Islamic banking gives us facilities similar to the conventional banking but it never leaves the sphere of Islamic law and principles. The problem is that we lack the psyche that probes inquiry into such matters.
These notions were expressed by Vice Chancellor Karachi University (KU) Prof Dr Pirzada Qasim Raza Siddiqui, while presiding over a seminar organised by University of Karachi in collaboration with United Chartered Bank, USA at a local hotel titled Islamic Banking: A Global Necessity on 13th February 2010. The VC encouraged linkages between Islamic Banks worldwide and the Universities of Pakistan.
Asif Aslam (CEO) United Chartered Bank USA declared that in the last decade, Islamic finance has enjoyed robust growth rates of 15-20 percent per year.
"There are now approximately 500 Islamic financial institutions in over 51 countries. The largest market in this field comprises of more than 1.39 billion Muslims worldwide.
Other speakers highlighted the benefits of Islamic Banking which includes an additional check and balance because of which they were able to survive the recent global recession," he said.
It was also told that Islamic banking was trying to convert challenges into business opportunities with Islamic (Ethical) finance.
Prof Dr Abdul Rashid, Prof Masroor Ali Qureshi, Dr Muhammad Ilyas, Maulana Dr Khalil Ahmed Azmi, Syed Tanveer Hussain, Prof Muhammad Saleem Memion, Dean Faculty of Arts, KU, and others spoke on the occasion.
Whereas, Prof Dr Abuzar Wajidi, Dean Management Sciences, KU, and a number of teachers and students from madarsaas and from various Universities of Pakistan attended the seminar. The nation
Karachi Madrassah visit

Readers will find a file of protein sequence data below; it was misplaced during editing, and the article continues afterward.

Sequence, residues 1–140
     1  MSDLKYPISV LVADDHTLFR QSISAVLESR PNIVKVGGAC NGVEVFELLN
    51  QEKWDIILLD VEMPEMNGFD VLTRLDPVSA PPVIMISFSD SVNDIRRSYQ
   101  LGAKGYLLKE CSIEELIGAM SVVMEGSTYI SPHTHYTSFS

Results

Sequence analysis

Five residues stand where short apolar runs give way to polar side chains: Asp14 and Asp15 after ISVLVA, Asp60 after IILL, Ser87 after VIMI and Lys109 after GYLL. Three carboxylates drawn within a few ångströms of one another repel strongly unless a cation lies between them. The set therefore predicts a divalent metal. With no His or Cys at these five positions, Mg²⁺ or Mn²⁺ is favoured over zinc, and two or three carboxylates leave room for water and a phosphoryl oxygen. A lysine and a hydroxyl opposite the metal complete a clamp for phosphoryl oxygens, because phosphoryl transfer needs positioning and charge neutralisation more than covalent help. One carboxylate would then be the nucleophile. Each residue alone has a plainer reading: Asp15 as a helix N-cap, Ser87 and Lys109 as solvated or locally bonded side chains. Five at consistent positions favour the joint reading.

Karachi: Ambassador of the Netherlands to Pakistan, Foost Reintjes, visited Jamia Islamia Madrassah, Clifton, the other day where he said that Madrassahs were doing a good job for increasing the literacy rate of Pakistan.
The ambassador said that he was impressed by what he observed during his visit. Mr Reint Jes said that what really touched his heart was an eight-year-old orphan studying in the Madrassah.
The boy hailed from Swat and had lost his entire family in the fight between the military and the Taliban. The Madrassah management had taken the youngster under its care and was looking after him. The news
Info about closed schools
Khairpur: Khairpur DCO Mohammad Abbas Baloch set up two centres on Sunday to help people provide information about non-functional schools in the district.
The centres have been set up at the offices of the district officer (academic and training) and the deputy district officer (general administration.)
The step was taken after those looking into the matter of closed schools could not provide details about non-functional schools at a meeting of the district education steering committee on Saturday. Representatives of NGOs offered to provide trained teachers for the non-functional schools.
The DCO has asked the people to provide information about such schools in the district so that they could be reopened. Dawn